Standard of proof
Section 4 of the Age Discrimination in Employment Act of 1967 (29 U.S.C. 623) is amended by adding after subsection (f) the following:
For any claim brought under this Act or any other authority described in paragraph (5), a plaintiff establishes an unlawful employment practice if the plaintiff demonstrates by a preponderance of the evidence that—
an impermissible factor under that Act or authority was a motivating factor for the practice complained of, even if other factors also motivated that practice; or
the practice complained of would not have occurred in the absence of an impermissible factor.
On a claim in which a plaintiff demonstrates a violation under paragraph (1)(A) and a defendant demonstrates that the defendant would have taken the same action in the absence of the impermissible motivating factor, the court—
may grant declaratory relief, injunctive relief (except as provided in subparagraph (B)), and attorney’s fees and costs demonstrated to be directly attributable only to the pursuit of a claim under paragraph (1); and
shall not award damages or issue an order requiring any admission, reinstatement, hiring, promotion, or payment.
In making the demonstration required by paragraph (1), a plaintiff may rely on any type or form of admissible circumstantial or direct evidence and need only produce evidence sufficient for a reasonable trier of fact to conclude that a violation described in subparagraph (A) or (B) of paragraph (1) occurred.
Every method for proving either such violation, including the evidentiary framework set forth in McDonnell-Douglas Corp. v. Green, 411 U.S. 792 (1973), shall be available to the plaintiff.
This subsection shall apply to any claim that the practice complained of was motivated by a reason that is impermissible, with regard to that practice, under—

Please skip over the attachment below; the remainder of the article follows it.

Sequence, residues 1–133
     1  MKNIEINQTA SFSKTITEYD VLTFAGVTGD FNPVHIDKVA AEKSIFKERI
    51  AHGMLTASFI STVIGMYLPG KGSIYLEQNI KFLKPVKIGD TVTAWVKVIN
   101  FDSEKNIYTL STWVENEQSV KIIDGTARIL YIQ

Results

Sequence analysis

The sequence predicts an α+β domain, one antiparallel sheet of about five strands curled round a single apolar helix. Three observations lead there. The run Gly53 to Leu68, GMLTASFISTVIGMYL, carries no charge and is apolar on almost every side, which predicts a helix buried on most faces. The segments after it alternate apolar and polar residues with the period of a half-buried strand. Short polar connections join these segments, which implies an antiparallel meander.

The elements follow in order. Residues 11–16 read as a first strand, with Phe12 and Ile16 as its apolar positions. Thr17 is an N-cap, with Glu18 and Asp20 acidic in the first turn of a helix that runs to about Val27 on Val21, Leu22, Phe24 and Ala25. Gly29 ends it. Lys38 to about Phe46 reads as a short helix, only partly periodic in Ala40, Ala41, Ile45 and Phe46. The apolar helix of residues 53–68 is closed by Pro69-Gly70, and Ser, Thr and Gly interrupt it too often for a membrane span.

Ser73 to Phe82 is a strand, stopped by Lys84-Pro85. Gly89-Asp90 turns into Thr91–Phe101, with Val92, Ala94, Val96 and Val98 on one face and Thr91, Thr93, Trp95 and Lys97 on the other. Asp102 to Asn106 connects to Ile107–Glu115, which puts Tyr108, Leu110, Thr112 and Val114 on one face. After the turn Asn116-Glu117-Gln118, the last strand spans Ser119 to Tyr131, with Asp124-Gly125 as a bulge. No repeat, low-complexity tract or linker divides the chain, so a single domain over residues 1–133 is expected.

this Act, including subsection (d);
any Federal law forbidding employment discrimination;
any law forbidding discrimination of the type described in subsection (d) or forbidding other retaliation against an individual for engaging in, or interference with, any federally protected activity including the exercise of any right established by Federal law (including a whistleblower law); or
any provision of the Constitution that protects against discrimination or retaliation.
This subsection shall not apply to a claim under a law described in paragraph (5)(C) to the extent such law has an express provision regarding the legal burdens of proof applicable to that claim.
In any proceeding, with respect to a claim described in paragraph (5), the plaintiff need not plead the existence of this subsection.
In this subsection, the term demonstrates means meet the burdens of production and persuasion.
This Act, and the amendments made by this Act, shall apply to all claims described in section 4(g)(4) of the Age Discrimination in Employment Act of 1967 (29 U.S.C. 623(g)(4)) pending on or after June 17, 2009.